Ocwen responds to another watchdog claim

by MPA17 Dec 2014
Ocwen Financial Corp., which is currently dealing with a mountain of regulatory issues, is now under fire again as a new watchdog is claiming the company committed another wrongdoing.

According to a report from the monitor of the National Mortgage Settlement (NMS), Ocwen failed to ensure that its efforts to comply with a 2012 mortgage- abuse settlement were sufficiently independent from the company’s managers. The monitor, Joseph A. Smith Jr., also said that his office could not rely on information provided by Ocwen.

The NMS requires banks and firms like Ocwen meet standards that aim to ensure struggling borrowers are treated properly.

“After my team and I reviewed numerous documents and interviewed several Ocwen personnel, I concluded that I could not rely on the work of Ocwen’s IRG [Internal Review Group] for the first half of 2014,” Smith said in a statement. He added that an employee of Ocwen in May contacted the monitor, contending that there were serious deficiencies within the review group.

Ocwen replied and said it plans to work with the monitor to resolve the issues.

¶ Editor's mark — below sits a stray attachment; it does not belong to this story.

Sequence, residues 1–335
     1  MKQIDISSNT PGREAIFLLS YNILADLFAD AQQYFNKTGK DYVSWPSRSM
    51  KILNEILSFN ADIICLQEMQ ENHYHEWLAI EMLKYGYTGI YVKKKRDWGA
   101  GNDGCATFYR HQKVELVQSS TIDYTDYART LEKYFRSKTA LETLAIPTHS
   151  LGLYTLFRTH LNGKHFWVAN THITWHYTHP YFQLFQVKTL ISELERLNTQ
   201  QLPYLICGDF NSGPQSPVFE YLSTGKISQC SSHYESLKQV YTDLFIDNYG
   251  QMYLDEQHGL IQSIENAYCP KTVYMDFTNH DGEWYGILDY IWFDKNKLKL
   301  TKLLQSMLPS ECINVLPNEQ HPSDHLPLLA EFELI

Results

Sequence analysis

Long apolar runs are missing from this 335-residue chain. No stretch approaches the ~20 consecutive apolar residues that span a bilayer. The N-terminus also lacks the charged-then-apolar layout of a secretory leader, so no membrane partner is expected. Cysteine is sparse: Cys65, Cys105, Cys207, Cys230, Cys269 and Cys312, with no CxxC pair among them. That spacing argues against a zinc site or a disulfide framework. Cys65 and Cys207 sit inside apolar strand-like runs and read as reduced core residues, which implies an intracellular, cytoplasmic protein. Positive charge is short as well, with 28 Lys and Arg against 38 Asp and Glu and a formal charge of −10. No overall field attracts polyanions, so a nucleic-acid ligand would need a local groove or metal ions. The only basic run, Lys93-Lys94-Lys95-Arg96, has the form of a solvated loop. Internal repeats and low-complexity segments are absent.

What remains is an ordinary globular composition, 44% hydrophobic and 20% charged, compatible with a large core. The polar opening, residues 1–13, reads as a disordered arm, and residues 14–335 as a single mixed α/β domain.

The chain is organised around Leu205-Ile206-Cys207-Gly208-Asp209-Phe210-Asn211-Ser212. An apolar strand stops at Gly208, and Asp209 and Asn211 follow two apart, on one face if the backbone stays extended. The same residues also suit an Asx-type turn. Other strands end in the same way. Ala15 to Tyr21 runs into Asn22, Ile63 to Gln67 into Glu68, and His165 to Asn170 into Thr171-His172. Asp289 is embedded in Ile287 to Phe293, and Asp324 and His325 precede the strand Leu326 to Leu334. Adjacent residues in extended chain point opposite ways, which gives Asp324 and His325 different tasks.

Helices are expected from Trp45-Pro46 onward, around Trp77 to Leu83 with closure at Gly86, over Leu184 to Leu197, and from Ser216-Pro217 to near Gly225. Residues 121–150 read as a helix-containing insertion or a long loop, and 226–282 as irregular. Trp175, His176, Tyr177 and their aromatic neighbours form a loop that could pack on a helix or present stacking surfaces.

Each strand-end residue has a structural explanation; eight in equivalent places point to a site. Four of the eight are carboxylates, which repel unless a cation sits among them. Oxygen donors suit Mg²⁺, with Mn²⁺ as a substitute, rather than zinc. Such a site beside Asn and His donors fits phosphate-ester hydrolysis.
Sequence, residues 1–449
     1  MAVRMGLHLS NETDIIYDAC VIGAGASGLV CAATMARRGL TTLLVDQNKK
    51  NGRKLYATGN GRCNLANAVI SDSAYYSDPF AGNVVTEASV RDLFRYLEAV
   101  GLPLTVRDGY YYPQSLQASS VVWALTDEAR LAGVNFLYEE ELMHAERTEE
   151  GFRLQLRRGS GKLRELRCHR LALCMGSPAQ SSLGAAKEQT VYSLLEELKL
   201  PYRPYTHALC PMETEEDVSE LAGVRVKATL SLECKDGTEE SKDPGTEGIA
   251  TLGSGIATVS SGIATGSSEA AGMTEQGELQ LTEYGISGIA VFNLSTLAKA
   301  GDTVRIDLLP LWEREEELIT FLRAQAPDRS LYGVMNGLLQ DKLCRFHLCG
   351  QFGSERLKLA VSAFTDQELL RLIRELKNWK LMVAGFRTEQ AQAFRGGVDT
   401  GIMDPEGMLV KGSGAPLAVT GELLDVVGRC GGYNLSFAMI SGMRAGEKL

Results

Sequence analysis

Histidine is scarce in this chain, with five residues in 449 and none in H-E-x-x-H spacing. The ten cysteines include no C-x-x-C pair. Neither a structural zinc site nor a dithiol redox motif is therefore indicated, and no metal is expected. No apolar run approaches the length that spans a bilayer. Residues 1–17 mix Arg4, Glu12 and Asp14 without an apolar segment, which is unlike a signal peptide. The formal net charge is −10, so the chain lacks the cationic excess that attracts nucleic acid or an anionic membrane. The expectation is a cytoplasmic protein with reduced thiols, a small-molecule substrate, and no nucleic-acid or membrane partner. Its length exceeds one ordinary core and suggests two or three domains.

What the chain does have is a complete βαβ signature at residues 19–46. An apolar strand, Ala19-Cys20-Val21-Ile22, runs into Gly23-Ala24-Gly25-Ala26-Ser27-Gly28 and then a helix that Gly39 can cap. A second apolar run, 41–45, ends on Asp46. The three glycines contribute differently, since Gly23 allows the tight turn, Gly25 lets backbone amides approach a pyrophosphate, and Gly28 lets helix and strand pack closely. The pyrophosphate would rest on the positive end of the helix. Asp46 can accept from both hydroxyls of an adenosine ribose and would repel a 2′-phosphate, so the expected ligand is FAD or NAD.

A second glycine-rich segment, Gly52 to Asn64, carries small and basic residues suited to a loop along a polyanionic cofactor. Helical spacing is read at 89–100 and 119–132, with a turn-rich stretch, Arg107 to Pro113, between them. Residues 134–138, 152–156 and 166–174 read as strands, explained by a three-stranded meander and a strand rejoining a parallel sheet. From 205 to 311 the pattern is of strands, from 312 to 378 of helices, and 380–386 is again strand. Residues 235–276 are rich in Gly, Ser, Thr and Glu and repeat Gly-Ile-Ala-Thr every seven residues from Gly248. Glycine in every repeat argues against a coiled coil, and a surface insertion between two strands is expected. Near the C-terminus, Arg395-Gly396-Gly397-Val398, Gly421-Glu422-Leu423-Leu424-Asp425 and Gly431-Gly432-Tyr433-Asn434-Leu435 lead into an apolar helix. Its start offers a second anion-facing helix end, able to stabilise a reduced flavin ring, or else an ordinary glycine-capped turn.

"We will continue to support the monitor's efforts to ensure that we are fully compliant with all aspects of the National Mortgage Settlement," said CEO Ronald Faris. "We are committed to delivering best-in-class servicing as we work to help struggling borrowers keep their homes."

Ocwen said since the report, the company has implemented a set of governing principles for the IRG which were reviewed with the monitor; reorganized the IRG so that it now reports directly to the compliance committee of the board of directors instead of to internal audit; and installed new IRG management.

This year has proven to be tough for the Atlanta-based mortgage company. In February, Benjamin Lawsky, superintendent of New York's Department of Financial Services, put an “indefinite hold” on its $2.7 billion mortgage-servicing rights deal with Wells Fargo.

Then in October, Ocwen was accused of denying struggling borrowers the chance to fix loan problems and avoid foreclosures. The recent investigation by the New York's Department of Financial Services found that the company inappropriately backdated thousands of time-sensitive letters to mortgage borrowers and did not take action to fix the issue despite repeated notices of concern.



Is TILA-RESPA a good or bad thing long term?